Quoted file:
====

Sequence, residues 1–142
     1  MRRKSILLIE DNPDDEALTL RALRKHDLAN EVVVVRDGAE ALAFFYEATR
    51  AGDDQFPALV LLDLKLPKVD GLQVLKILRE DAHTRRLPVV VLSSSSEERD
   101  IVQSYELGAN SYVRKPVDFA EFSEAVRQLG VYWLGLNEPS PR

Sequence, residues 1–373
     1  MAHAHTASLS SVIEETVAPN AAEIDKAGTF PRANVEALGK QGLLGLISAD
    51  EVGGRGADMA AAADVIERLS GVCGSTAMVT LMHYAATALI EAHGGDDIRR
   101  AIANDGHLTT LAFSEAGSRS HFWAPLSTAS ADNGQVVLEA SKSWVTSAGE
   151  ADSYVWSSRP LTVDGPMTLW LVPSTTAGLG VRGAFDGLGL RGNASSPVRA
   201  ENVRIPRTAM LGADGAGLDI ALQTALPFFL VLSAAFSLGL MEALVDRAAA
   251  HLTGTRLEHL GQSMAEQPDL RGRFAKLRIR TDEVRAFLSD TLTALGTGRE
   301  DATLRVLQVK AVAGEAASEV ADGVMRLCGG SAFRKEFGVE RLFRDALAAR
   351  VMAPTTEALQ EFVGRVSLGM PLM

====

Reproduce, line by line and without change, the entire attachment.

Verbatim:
Sequence, residues 1–142
     1  MRRKSILLIE DNPDDEALTL RALRKHDLAN EVVVVRDGAE ALAFFYEATR
    51  AGDDQFPALV LLDLKLPKVD GLQVLKILRE DAHTRRLPVV VLSSSSEERD
   101  IVQSYELGAN SYVRKPVDFA EFSEAVRQLG VYWLGLNEPS PR

Sequence, residues 1–373
     1  MAHAHTASLS SVIEETVAPN AAEIDKAGTF PRANVEALGK QGLLGLISAD
    51  EVGGRGADMA AAADVIERLS GVCGSTAMVT LMHYAATALI EAHGGDDIRR
   101  AIANDGHLTT LAFSEAGSRS HFWAPLSTAS ADNGQVVLEA SKSWVTSAGE
   151  ADSYVWSSRP LTVDGPMTLW LVPSTTAGLG VRGAFDGLGL RGNASSPVRA
   201  ENVRIPRTAM LGADGAGLDI ALQTALPFFL VLSAAFSLGL MEALVDRAAA
   251  HLTGTRLEHL GQSMAEQPDL RGRFAKLRIR TDEVRAFLSD TLTALGTGRE
   301  DATLRVLQVK AVAGEAASEV ADGVMRLCGG SAFRKEFGVE RLFRDALAAR
   351  VMAPTTEALQ EFVGRVSLGM PLM